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I have some classes in my app that don't require an ID to be persisted. These could be things like user logs or audit records. I can add an arbitaty id to them but I would like to avoid that as they don't mean anything.

The retrieval of these objects is always on another key (like UserId) which is not unique to the record.

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up vote 3 down vote accepted

Because NHibernate deals with entities, you must have something that identifies the entity. It is best to have a separate unique id field as that is the way the NHibernate is designed to work and it is much easier not to fight it.

However, if you have design constraints where you really can't have a separate id column, you can use a composite-id defined on existing fields. For example, for an audit log record you might use a combination of a UserId and a DateTime. If the records are only written once and not ever manipulated (e.g. audit log), you should also add mutable=false to the class mapping to enforce that. Also, be aware if you do use a composite-id like this it will likely cause issues if you ever try to use some of NHibernate's more advanced features with this entity in the future.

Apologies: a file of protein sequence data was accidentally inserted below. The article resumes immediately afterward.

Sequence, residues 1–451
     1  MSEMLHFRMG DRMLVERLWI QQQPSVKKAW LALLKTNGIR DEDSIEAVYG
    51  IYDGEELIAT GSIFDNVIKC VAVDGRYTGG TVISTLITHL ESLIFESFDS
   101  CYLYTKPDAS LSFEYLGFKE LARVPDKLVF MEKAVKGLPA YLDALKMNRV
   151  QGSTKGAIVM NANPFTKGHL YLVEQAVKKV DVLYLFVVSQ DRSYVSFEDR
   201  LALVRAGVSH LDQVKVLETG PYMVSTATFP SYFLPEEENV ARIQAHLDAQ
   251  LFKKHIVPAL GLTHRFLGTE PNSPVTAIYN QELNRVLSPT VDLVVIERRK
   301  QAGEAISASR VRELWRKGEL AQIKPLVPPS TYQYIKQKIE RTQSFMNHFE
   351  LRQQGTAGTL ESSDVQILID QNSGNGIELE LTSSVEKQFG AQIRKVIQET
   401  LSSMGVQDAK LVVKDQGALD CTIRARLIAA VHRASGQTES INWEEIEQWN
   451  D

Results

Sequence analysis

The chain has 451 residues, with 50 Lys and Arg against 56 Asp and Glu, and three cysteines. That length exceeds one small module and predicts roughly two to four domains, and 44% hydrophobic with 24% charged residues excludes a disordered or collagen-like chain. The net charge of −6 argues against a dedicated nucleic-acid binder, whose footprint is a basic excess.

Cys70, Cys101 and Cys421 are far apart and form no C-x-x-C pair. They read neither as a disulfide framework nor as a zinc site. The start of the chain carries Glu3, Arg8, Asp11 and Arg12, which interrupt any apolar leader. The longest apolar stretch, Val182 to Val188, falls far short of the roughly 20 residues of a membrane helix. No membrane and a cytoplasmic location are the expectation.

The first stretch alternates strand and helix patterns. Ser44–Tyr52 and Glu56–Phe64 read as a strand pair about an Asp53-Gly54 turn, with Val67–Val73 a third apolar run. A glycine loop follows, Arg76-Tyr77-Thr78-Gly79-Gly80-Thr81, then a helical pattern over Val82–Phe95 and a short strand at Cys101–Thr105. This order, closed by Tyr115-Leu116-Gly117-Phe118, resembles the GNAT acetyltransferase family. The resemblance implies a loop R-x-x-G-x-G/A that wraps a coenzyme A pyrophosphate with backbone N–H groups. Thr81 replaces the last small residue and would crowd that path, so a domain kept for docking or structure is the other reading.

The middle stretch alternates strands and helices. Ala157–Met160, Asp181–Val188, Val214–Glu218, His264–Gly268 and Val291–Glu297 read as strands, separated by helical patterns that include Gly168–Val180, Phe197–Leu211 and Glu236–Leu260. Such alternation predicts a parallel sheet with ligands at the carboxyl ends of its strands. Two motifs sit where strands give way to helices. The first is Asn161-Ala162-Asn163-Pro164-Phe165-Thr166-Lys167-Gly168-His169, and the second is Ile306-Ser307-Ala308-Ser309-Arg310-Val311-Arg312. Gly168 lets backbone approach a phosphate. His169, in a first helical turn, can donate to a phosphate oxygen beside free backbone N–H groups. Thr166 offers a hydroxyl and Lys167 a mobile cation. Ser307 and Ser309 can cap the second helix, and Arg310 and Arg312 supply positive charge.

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+1 on composite ids although i use them heavily and i must say that issues are not so many... – Jaguar Apr 14 '10 at 10:29

I don't think you can avoid it. NHibernate details with "entities", rather than database rows and entities have an identity.

Consider what would happen if you were to read back some of those records, modify them and try to save them. NHibernate wouldn't know which database row to modify. Of course, you are not going to do that in your case, but this is exactly what NHibernate is designed to do.

So you would either needs to create an artificial ID or just save them without using NHibernate (ie. using direct SQL, which you can run via the NHibernate ISession object if you wish). If database space really matters (ie. you're going to have millions of these), I'd recommend the latter method, otherwise an artificial ID is pretty easy to add.

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If you want to be able to do CRUD operations on this records on the future, you may reconsider have an ID field.

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You must have ID in some form. On my projects I just use composite-id on all fields of the entity, or whatever your composite key is in the database.

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